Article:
Fashion retailers to explore circular business models

The London Waste and Recycling Board (LWARB) and circular economy consultants QSA Partners have announced that they are working with a number of fashion retailers to develop and pilot new circular economy business models, aiming to promote clothes hire, product resale, repair and rental services.

Announced yesterday (30 May), the organisations will be working with retailers including Farfetch, Ted Baker and new brand FW through the Circular Fashion Fast Forward project, with each retailer exploring and developing their own approach to becoming a more circular business. The project will be funded by the C&A Foundation, a corporate organisation supporting the transition to a circular economy for fashion.

 Fashion retailers to explore circular business models“The fashion industry needs to rapidly adopt new business models that increase the use of clothing and stop the use of unsustainable materials,” says Megan McGill, Programme Manager for the C&A Foundation. “This is a critical step towards a circular fashion sector. The Circular Fashion Fast Forward project and the participating brands will demonstrate what can already be done today and inspire more industry players to follow.”

The fashion industry is a significant part of the UK economy, contributing £28.1 billion to national GDP in 2015. It also produces a large amount of waste, with consumers throwing away one million tonnes of textiles every year, 300,000 tonnes of which ends up in the household waste stream.

The high turnover of clothing is largely attributed to ‘fast fashion’, which sees retailers sell cheap clothing with short lifespans, encouraging consumers to purchase new items rather than make existing ones last. The Circular Fashion Fast Forward Project aims to move retailers away from this approach, creating case studies that will be shared once the project is completed to help other fashion retailers to adopt their own circular business models.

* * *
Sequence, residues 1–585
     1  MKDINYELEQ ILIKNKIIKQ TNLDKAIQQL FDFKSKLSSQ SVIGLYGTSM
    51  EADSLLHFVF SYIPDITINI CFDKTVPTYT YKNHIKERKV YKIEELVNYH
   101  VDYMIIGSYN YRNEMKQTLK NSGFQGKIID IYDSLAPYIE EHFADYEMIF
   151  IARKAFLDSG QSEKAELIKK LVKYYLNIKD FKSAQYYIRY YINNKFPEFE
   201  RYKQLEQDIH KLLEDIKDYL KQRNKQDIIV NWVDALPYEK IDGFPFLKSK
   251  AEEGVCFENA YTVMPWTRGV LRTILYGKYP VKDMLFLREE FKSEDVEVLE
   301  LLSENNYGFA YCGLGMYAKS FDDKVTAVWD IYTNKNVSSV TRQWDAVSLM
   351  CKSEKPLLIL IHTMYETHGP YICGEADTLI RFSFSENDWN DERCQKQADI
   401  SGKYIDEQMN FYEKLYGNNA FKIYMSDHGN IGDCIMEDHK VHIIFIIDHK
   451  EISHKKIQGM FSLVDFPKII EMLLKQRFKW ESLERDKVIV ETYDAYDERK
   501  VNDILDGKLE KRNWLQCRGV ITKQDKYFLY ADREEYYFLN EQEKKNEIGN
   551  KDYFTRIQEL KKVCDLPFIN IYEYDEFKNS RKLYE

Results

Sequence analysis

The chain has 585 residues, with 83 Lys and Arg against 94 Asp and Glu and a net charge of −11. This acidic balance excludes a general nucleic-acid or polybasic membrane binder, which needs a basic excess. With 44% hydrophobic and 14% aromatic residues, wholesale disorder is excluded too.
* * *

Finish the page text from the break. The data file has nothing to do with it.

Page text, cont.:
With awareness of the environmental impact of the fashion industry on the rise – Parliament’s Environmental Audit Committee launched an inquiry into the sustainability of the industry in June last year, and called for a one pence producer responsibility fee to be paid by fashion brands and retailers on each item of clothing they sell to fund better textile collection – businesses are opening their eyes to the opportunities afforded to them by going circular.

Resale is an increasingly fertile market for businesses, with a recent report by online thrift store thredUP putting the global value of the second-hand market at $24 billion (£19 billion), a figure that is expected to double in the next five years. Furthermore, a Business of Fashion report, ‘The state of fashion 2019’, highlights that resale is growing nine times faster than traditional retail, while the Ellen MacArthur Foundation estimates that an industry-wide move towards circular fashion could add €160 billion (£141.3 billion) in value to the global economy by 2030.

Resale and extending the life of products are certainly key motivations for the participating retailers, with Thomas Berry, Director of Sustainable Business at Farfetch, saying: “Circular models like resale or rental are big commercial opportunities for Farfetch. They are a very natural extension of our long-standing vintage offer, and we have started to pilot a few new models. Since 2018 our Browns retail store has been in partnership with rental platform Armarium, and we have just launched Farfetch Secondlife, a handbag resale service for our customers. We are excited to be working with LWARB and QSA to build the business case to accelerate our work in this area.”

Anna Smoothy, Senior Marketing Manager at new outerwear brand FW, added: “FW’s approach to sustainability is an open-ended conversation. We are constantly searching to refine our materials and reduce our impact. At FW, quality is sustainability. We make products to last while incorporating eco-materials that are proven to be durable like Oxford Recycled Yarn. We are not just making eco-friendly products destined for landfill – we would like to underline the fact that we are developing a Repair Program with QSA and LWARB so that our fans invest in FW for life.” 

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